BUSINESS
August 1, 2011 | By Duke Helfand, Los Angeles Times
A rare alliance of healthcare rivals — a giant insurance company, a major hospital chain and a large doctors group — has managed to reduce healthcare costs through a radical new strategy: working together. The collaboration among Blue Shield of California, Catholic Healthcare West and Hill Physicians Medical Group shaved more than $20 million in costs last year and prevented an insurance rate hike for public sector workers in Northern California. The three partners cite evidence that the quality of care also improved: Hospital stays were shorter, readmissions dropped and doctors and nurses kept closer tabs on patients.
NATIONAL
December 21, 2010 | By Mitchell Landsberg, Los Angeles Times
The Roman Catholic bishop of Phoenix stripped a hospital of its Catholic affiliation Tuesday for performing an abortion last year that doctors said was needed to save the life of the mother. Bishop Thomas Olmsted said he no longer had confidence that the administration of St. Joseph's Hospital would run it according to Catholic teachings, "and therefore this hospital cannot be considered Catholic. " FOR THE RECORD: Catholic hospital abortion: An article in the Dec. 22 Section A about a dispute over an abortion at a Catholic hospital in Phoenix identified Jenn Giroux as executive director of Human Life International.
NEWS
July 3, 2010 | By Karen Kaplan, Los Angeles Times
A woman arrives at the hospital with a condition called pulmonary hypertension. The arteries supplying her lungs are unable to deliver enough blood, which threatens their ability to delivery oxygen throughout her body. Making matters worse, she is 11 weeks pregnant, which puts additional strain on her weakened body. If the pregnancy continues, the woman surely will die. This was the situation confronting doctors last November at St. Joseph's Hospital and Medical Center in Phoenix.
CALIFORNIA | LOCAL
August 21, 2008 | Patrick McGreevy, Times Staff Writer
Doctors who diagnose people with terminal illnesses would be required to immediately tell them about the right to refuse or withdraw from life-sustaining treatment under a measure approved Wednesday by state lawmakers. The proposal, which divided the medical community, was narrowly approved on the same day the Legislature passed a bid to ban employers from taking action against workers who legally use marijuana for medical purposes. The right-to-die legislation would require a doctor at the time of a terminal diagnosis to explain all options, when requested by the patient.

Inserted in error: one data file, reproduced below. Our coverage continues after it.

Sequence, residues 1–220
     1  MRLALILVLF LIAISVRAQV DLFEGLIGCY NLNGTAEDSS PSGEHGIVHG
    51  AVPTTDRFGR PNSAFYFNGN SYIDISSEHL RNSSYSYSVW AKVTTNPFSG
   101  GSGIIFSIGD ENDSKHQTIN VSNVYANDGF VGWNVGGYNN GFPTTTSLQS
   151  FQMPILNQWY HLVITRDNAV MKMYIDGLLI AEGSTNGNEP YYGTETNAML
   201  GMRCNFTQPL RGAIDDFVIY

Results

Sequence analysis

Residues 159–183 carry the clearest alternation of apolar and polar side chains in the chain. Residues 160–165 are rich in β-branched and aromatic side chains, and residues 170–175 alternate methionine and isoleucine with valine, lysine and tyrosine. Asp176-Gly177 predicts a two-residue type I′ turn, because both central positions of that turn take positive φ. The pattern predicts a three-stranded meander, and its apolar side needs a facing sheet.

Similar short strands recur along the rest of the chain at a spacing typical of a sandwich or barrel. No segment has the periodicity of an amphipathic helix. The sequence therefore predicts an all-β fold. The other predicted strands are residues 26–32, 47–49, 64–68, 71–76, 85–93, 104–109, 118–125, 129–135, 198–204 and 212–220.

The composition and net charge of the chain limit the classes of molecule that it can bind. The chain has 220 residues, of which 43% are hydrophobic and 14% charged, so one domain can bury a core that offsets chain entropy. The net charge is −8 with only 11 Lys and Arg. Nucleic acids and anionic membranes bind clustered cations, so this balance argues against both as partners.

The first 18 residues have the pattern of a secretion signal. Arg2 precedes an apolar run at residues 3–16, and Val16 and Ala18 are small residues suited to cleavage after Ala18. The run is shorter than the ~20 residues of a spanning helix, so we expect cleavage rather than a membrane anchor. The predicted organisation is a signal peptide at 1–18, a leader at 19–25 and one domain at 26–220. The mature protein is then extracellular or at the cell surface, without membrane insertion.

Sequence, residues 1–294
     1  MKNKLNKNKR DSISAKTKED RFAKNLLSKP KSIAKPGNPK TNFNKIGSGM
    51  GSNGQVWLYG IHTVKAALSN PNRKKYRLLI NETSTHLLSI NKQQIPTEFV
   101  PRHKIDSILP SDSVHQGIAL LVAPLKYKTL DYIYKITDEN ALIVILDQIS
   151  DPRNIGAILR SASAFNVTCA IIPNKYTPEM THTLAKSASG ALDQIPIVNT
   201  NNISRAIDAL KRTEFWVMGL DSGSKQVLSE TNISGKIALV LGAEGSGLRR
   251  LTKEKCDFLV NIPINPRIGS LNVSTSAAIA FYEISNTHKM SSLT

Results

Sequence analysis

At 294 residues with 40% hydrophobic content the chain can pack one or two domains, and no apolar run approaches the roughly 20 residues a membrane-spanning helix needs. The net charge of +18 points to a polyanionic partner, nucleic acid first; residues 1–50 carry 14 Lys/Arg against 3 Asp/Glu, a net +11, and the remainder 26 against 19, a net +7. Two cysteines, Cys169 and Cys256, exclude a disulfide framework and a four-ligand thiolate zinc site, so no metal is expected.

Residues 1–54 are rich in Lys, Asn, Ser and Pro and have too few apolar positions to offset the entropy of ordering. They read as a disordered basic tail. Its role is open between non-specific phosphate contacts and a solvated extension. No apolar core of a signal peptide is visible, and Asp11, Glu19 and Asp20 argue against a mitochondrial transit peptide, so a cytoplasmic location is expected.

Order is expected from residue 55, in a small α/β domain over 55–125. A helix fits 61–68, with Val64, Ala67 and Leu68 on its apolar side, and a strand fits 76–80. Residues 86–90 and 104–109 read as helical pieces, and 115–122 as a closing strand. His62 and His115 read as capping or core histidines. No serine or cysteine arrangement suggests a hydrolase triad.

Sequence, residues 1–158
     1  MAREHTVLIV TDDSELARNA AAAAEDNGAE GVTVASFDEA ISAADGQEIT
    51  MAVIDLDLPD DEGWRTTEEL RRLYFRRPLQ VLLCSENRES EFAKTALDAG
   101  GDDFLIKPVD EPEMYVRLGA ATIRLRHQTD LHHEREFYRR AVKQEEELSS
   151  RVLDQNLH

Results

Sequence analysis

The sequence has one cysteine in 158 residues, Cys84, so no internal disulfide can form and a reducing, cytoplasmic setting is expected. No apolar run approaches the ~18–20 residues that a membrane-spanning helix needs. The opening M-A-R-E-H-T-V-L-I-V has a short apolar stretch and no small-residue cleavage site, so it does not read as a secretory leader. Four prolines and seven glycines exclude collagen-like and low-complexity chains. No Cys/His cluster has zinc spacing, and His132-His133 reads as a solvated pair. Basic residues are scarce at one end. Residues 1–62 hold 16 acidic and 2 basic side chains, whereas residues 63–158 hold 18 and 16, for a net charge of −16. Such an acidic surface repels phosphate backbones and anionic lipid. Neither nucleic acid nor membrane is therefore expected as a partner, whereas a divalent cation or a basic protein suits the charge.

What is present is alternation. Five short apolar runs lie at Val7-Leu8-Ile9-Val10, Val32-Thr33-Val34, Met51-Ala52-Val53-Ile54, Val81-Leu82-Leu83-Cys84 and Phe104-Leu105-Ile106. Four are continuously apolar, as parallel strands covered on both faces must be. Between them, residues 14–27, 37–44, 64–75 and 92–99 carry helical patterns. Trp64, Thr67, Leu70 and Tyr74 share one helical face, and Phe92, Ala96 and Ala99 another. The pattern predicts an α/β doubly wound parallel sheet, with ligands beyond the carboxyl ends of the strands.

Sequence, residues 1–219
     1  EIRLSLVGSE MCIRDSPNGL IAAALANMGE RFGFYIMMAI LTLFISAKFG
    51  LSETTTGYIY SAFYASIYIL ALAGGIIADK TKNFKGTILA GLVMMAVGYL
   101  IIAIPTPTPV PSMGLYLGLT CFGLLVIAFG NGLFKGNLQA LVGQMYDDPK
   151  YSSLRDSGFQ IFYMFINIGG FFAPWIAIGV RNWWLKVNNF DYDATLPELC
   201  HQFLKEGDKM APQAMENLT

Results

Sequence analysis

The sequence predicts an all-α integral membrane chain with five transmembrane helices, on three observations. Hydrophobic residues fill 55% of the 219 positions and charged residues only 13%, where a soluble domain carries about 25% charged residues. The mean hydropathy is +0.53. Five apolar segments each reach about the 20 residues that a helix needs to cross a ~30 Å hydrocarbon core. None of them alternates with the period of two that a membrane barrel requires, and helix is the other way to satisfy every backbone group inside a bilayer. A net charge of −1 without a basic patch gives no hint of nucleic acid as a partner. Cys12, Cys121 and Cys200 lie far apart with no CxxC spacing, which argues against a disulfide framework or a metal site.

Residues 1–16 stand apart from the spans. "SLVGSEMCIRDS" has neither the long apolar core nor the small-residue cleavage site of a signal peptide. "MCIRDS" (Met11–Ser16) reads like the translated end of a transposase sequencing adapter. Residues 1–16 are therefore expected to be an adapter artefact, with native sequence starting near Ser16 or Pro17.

CALIFORNIA | LOCAL
September 1, 2007 | Jordan Rau, Times Staff Writer
With time running out to overhaul California's healthcare system this year, Gov. Arnold Schwarzenegger and Assembly Speaker Fabian Nuñez are fashioning a high-stakes strategy to raise business and hospital taxes through a ballot measure that would circumvent defiant Republican lawmakers. "I think we're on the verge of doing something huge," Nuñez told The Times' editorial board Friday.
BUSINESS
January 12, 2007 | From Bloomberg News
Catholic Healthcare West's $423-million settlement with former patients who claimed they were charged excessive fees won a judge's final approval, a lawyer for patients said. Superior Court Judge Richard A. Kramer in San Francisco approved the accord resolving claims for as many as 780,000 uninsured patients at Catholic Healthcare West hospitals, attorney Kelly M. Dermody said.
BUSINESS
January 12, 2007 | From Bloomberg News
Catholic Healthcare West's $423-million settlement with former patients who claimed they were charged excessive fees won a judge's final approval, a lawyer for patients said. Superior Court Judge Richard A. Kramer in San Francisco approved the accord resolving claims for as many as 780,000 uninsured patients at Catholic Healthcare West hospitals, attorney Kelly M. Dermody said.
BUSINESS
June 16, 2006 | From the Associated Press
Hospital group Catholic Healthcare West has agreed to reimburse as many as 800,000 uninsured patients for excessive charges to settle a class-action price-gouging lawsuit. The suit claimed that the San Francisco-based healthcare provider, which owns 40 hospitals in California, Nevada and Arizona, routinely charged uninsured patients as much as five times the amount paid by private insurers and government programs for the same services.
CALIFORNIA | LOCAL
October 12, 2005 | Rong-Gong Lin II, Times Staff Writer
A group of former patients on Tuesday sued Catholic Healthcare West, the state's largest nonprofit hospital chain, alleging that uninsured patients in California have been overcharged for their care compared with patients on discounted insurance plans. The class-action suit, which was organized by activist K.B. Forbes, named as plaintiffs three former patients of California Hospital Medical Center in Los Angeles.
Los Angeles Times Articles
|